FDA expands Amarin's Vascepa label to include reducing persistent CV risk in certain patients

The FDA announced Friday that it has expanded the label for Amarin's fish-oil-derived drug Vascepa (icosapent ethyl) to include use as an adjunctive therapy to lower the risk of cardiovascular (CV) events in adults with triglyceride levels of 150 mg/dL or more. Patients must also have either established CV disease or diabetes and at least two additional risk factors for CV disease. 

The agency noted that Vascepa now becomes the first FDA-approved drug to reduce the risk of myocardial infarction, stroke, coronary revascularisation and unstable angina requiring hospitalisation among patients with elevated triglyceride levels, as an add-on to maximally tolerated statin therapy. The approval comes a month after an FDA advisory panel voted unanimously to back the drug based on data from the REDUCE-IT CV outcomes trial, in which Vascepa was associated with a 30% risk reduction in total major adverse CV events compared to placebo. 

Amarin CEO John Thero stated that the "expanded indication and related clinical study labeling is broadly worded, informative on the many effects of Vascepa and will empower physicians with critical information to help them apply their clinical judgment in addressing CV disease risk for patients." 

Vascepa has been approved in the US since 2012 for patients with severe hypertriglyceridaemia. The company, which estimates that "millions of people" in the country may now qualify for treatment with Vascepta under its expanded label, said it plans to promptly launch the drug for the new indication, noting that it already boosted its salesforce earlier this year and is on track to double it to a total of 800 sales representatives near the beginning of 2020. Analysts at SVB Leerink estimated that the new approval could increase the therapy's potential patient population to 10 million, from roughly 600,000 currently.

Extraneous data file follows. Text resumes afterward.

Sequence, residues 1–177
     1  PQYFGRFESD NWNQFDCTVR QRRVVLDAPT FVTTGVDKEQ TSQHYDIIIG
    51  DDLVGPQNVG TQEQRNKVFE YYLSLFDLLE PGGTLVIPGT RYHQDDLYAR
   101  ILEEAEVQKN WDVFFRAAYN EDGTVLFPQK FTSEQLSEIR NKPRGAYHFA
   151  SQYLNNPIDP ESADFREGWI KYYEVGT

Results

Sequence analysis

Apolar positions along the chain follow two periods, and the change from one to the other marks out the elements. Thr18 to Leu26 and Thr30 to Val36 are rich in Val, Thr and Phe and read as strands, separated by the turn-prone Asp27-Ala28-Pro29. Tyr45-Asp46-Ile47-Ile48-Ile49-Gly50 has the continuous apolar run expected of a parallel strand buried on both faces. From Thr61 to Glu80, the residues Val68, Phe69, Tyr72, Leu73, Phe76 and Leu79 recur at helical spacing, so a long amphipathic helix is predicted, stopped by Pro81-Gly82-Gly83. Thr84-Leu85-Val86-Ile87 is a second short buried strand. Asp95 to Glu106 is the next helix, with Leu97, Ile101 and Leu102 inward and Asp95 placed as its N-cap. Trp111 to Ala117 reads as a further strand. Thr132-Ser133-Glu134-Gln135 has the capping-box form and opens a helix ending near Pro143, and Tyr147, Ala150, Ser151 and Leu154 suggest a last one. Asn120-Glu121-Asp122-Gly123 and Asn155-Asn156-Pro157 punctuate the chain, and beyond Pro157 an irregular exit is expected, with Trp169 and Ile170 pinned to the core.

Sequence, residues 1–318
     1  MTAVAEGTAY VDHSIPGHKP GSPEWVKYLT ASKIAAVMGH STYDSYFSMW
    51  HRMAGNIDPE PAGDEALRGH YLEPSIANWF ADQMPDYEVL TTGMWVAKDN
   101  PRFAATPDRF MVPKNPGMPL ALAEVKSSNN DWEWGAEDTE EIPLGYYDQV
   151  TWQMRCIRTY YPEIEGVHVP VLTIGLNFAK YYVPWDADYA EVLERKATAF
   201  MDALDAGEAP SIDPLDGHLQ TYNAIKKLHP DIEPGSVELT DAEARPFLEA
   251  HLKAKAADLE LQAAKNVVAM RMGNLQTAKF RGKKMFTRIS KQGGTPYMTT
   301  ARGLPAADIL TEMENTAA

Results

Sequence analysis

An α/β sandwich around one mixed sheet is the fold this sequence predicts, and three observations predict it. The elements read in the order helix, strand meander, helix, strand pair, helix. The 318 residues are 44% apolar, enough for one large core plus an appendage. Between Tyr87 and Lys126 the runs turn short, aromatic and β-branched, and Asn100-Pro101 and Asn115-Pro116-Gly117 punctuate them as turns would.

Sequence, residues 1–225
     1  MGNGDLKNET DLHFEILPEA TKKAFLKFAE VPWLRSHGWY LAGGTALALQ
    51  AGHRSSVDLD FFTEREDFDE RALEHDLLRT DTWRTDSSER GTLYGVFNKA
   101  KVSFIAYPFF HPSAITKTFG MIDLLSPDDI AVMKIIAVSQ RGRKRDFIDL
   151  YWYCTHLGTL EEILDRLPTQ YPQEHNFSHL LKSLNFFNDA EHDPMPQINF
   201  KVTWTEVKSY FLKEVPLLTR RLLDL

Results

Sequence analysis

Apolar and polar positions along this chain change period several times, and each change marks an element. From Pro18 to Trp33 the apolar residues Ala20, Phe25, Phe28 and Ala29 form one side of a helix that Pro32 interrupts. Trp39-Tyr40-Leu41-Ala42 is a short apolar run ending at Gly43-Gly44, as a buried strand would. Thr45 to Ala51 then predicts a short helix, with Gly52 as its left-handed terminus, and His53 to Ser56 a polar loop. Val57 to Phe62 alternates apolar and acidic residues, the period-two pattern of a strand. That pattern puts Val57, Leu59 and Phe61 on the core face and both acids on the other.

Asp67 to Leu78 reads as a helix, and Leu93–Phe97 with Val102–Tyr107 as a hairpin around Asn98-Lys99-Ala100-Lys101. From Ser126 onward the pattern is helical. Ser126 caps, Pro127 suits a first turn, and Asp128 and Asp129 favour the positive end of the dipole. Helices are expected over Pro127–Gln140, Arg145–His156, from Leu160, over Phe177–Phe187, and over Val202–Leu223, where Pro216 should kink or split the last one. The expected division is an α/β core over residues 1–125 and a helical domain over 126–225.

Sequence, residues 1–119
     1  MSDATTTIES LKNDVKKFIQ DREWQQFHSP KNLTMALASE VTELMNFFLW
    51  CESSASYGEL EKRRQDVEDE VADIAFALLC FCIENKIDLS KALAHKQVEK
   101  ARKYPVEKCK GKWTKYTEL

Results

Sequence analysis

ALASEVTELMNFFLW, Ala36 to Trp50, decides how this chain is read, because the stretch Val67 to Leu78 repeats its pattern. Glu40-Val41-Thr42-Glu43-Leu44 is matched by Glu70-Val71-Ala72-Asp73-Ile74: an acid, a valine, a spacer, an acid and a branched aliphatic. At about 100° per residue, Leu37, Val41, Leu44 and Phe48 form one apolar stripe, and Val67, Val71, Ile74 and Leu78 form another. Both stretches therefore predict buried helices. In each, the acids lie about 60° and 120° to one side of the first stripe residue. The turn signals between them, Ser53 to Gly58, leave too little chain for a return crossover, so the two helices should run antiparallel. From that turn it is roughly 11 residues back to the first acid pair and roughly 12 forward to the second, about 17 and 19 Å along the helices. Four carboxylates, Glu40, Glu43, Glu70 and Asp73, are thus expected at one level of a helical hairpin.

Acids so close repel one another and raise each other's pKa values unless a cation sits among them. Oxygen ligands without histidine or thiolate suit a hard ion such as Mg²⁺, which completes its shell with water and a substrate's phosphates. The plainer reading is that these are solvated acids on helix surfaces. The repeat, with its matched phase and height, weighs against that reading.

Amarin also boosted its revenue guidance for Vascepa to a range of $410 million to $425 million for 2019, compared with its most recent outlook of $380 million to $420 million. The company said its new guidance reflects a jump of about 82% over 2018 sales results. Meanwhile, 2020 revenues are predicted to be between $650 million to $700 million, mostly from sales of Vascepa in the US. Beyond 2020, Amarin believes that Vascepa's total net revenue will reach "multiple billions of dollars. However, the history of other therapies for chronic conditions suggests that growth builds over multiple years." Some analysts anticipate peak annual sales of about $4 billion for the drug.

Vascepa is currently under review in Europe as a potential treatment to reduce the risk of CV events in high-risk patients who have their cholesterol levels controlled with statins, but have elevated triglycerides and other CV risk factors. The European Medicines Agency is expected to complete its assessment for the drug, which is currently not available in Europe for any indication, before the end of 2020. 

For additional analysis, see Pharma Leaders: Amarin CEO John Thero. Read also, ViewPoints: Amarin clinches preliminary FDA victory.

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